2 Moments of the increments

Under stationarity, for all , so without loss of generality we examine the stationary distribution of . From Corollary 1,

where and is the univariate mgf for . An immediate implication of (12) is that is equivalent in distribution to times . Furthermore, is equivalent in distribution to the difference between two

Consider the general problem of the moments of the difference between two independent and identically distributed (iid) gamma variates. Let for shape parameter and scale parameter , and define . The cumulant of is

Central moments are obtained from the cumulants via the complete Bell polynomials, i.e., For any sequence , the Bell polynomials satisfy so(13) |

Furthermore, since the distribution is symmetric around zero, we know that the odd moments are zero.

In Appendix B, we prove a general identity on the complete Bell polynomials:

(14) |

and the odd central moments are zero. As kurtosis is often of particular interest, we note

Application to the moments of is direct. We substitute and get even moments

(15) |

The kurtosis of is , which is invariant with respect to the time increment .

3 Conclusion

Our main result is a simple closed-form expression for the moment generating function of the stationary multivariate distribution of a discrete sample path of a square-root diffusion process. We establish that the distribution is within the Krishnamoorthy-Parthasarathy class, and thereby draw a connection between a stochastic process and a multivariate distribution that each first appeared in the literature in 1951.

Our result has application to estimation of parameters of the continuous-time square-root process from a discrete sample. It gives a simple and computationally efficient way to generate moment conditions for the generalized method of moments estimator of Chan et al. (1992). The empirical characteristic function approach of Jiang and Knight (2002) can also be easily implemented. Indeed, Jiang and Knight consider the example of a square-root diffusion, but their solution to the characteristic function corresponds roughly to our intermediate equation (6), rather than to the simple form in our Theorem 1.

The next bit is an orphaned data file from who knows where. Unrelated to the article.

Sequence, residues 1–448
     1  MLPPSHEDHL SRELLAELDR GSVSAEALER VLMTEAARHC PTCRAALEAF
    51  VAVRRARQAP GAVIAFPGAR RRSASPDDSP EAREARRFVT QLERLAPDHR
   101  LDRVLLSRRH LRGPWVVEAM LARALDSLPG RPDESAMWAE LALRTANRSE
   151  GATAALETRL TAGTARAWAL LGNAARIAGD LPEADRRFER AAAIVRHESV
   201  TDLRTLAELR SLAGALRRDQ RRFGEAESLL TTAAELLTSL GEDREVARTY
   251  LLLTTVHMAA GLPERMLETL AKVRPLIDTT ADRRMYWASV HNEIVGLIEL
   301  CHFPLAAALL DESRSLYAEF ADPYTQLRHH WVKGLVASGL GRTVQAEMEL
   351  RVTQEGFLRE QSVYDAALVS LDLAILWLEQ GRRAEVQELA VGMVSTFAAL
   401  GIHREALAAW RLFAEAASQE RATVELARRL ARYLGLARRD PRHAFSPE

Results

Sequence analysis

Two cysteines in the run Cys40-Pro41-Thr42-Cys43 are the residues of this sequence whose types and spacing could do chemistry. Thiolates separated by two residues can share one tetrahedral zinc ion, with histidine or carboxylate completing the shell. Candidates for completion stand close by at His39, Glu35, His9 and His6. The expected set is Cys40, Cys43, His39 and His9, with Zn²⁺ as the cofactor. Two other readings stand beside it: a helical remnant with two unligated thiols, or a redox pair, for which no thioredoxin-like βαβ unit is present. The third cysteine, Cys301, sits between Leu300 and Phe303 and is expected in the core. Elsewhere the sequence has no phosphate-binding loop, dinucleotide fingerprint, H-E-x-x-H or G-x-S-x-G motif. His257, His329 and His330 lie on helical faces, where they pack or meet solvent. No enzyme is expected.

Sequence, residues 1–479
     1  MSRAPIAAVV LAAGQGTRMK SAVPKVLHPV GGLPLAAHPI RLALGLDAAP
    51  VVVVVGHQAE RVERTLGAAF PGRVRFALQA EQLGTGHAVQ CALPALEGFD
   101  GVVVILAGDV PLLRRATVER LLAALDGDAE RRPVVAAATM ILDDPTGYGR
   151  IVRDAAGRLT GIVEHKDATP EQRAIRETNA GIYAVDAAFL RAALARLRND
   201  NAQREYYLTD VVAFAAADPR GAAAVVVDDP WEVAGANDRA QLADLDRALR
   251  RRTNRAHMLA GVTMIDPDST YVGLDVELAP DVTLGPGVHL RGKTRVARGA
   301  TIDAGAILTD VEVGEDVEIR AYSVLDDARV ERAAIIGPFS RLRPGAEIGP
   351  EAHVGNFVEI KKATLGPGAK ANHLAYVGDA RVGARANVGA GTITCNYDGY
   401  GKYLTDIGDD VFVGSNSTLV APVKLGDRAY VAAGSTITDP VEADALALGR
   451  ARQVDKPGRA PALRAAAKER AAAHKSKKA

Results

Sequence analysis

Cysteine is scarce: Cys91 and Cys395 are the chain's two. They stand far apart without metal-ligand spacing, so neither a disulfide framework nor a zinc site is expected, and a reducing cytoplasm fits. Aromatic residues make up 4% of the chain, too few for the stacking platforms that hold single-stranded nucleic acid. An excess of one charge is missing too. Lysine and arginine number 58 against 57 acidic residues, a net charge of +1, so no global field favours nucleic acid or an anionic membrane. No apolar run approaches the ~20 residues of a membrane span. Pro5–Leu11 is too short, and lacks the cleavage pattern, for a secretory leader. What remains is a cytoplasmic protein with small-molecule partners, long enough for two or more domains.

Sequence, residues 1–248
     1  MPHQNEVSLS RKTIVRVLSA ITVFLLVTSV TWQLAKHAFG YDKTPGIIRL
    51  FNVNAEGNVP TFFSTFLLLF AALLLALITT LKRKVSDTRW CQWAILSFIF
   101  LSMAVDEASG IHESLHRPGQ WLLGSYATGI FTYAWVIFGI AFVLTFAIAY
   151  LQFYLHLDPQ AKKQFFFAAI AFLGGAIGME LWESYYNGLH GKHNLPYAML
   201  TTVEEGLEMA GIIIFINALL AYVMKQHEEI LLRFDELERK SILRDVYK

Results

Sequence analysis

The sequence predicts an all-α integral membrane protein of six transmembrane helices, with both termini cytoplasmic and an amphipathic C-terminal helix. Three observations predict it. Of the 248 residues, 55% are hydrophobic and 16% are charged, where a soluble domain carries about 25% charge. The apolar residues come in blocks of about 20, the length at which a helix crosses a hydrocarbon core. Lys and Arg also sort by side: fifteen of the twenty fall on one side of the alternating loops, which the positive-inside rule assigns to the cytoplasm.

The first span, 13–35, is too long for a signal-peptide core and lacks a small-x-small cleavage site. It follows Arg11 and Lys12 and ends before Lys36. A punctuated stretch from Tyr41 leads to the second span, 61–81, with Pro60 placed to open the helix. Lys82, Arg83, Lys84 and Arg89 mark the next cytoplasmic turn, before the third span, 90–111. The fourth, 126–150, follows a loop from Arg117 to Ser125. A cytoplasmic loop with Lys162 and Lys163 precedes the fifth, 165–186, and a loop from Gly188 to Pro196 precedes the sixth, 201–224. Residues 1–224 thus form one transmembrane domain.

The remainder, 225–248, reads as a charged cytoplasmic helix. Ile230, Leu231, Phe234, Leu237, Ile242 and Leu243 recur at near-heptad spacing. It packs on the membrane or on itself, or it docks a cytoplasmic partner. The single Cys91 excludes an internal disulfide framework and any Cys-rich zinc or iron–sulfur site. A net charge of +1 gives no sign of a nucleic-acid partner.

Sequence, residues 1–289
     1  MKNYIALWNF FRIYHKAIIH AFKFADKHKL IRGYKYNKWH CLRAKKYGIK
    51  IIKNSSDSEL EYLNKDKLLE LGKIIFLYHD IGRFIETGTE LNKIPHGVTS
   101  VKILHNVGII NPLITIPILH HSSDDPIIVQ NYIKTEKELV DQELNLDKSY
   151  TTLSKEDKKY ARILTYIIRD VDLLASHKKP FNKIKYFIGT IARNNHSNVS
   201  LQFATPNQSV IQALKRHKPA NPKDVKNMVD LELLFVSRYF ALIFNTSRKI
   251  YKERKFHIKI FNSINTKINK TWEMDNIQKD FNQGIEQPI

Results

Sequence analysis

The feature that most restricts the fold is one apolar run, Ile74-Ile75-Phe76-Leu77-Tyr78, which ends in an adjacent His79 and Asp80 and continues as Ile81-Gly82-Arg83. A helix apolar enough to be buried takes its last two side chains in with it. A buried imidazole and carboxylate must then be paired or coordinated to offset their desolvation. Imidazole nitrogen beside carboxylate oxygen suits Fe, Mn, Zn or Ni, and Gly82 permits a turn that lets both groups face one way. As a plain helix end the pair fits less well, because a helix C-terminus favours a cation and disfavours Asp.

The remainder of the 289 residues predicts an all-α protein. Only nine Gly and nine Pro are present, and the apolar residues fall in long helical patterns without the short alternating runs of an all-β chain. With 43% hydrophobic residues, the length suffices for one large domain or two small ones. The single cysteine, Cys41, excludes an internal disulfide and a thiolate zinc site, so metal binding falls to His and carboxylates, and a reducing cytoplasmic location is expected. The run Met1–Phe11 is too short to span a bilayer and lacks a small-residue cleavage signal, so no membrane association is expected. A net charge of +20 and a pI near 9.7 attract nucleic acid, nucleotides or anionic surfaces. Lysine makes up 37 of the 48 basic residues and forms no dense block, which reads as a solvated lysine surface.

Three of our auxilliary results may have application elsewhere. First, Lemma 1 provides a simple solution to the determinant of the autocorrelation matrix for a discrete sample of any process with exponential decay in autocorrelation. This decay rate holds in a large class of stationary Markov processes, including Gaussian and non-Gaussian Ornstein-Uhlenbeck processes as well as the square-root process (Cont and Tankov, 2004, §15.1.2, §15.3.1). Second, our Bell polynomial identity in Lemma 2 generalizes a known relationship between Bell polynomials and the Gamma function (i.e., for the case of in our lemma). Finally, we provide a simple formula for the moments of the difference of two iid gamma variates. It complements existing results that allow the variates to differ in scale parameter (Johnson et al., 1994, §12.4.4), but which lead to more complicated expressions for the moments.

A. Proof of Proposition 1

Let us define and, for , recursively define

Since , we have . We similarly generalize the functions as(16) |

We now demonstrate

by induction. For the case , which satisfies equation (17). For , let us assume that (17) is satisfied for . Then

Since is linear in each argument,

Substituting into (18), we get

Collecting terms on , we can write where and and, for ,

The last term is

so

By equation (A),

so

where the last equality is by equation (A). Thus, for , so equation 17 is proved. Substituting and , we arrive at Proposition 1.

B. Proof of the Bell polynomial identity

For any sequence of scalars , the generating function of the complete Bell polynomials is

where we fix . When , we have where we introduce the change of variable .

Using identities from Comtet (1974, pp. 135, 136) and DLMF (2010, §26.8.7), we have

where denotes the Stirling number of the first kind. Restoring the original variable , we haveMatching terms to the right hand side of (21) with the same power of , we have Whenever is not a multiple of , the coefficient on in the right hand side of (22) is zero, so

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* I thank Yacine Aït-Sahalia, Luca Benzoni, Jens Christensen, Yang-Ho Park, Steven Shreve, Richard Sowers and David Zelinsky for helpful discussion. Bobak Moallemi provided excellent research assistance. The opinions expressed here are my own, and do not
reflect the views of the Board of Governors or its staff. Email: michael.gordy@frb.gov. Return to Text

1. See Alfonsi (2010) for a summary of basic properties of the square-root diffusion. Return to Text

2. I thank David Zelinsky for suggesting the proof of this lemma. Return to Text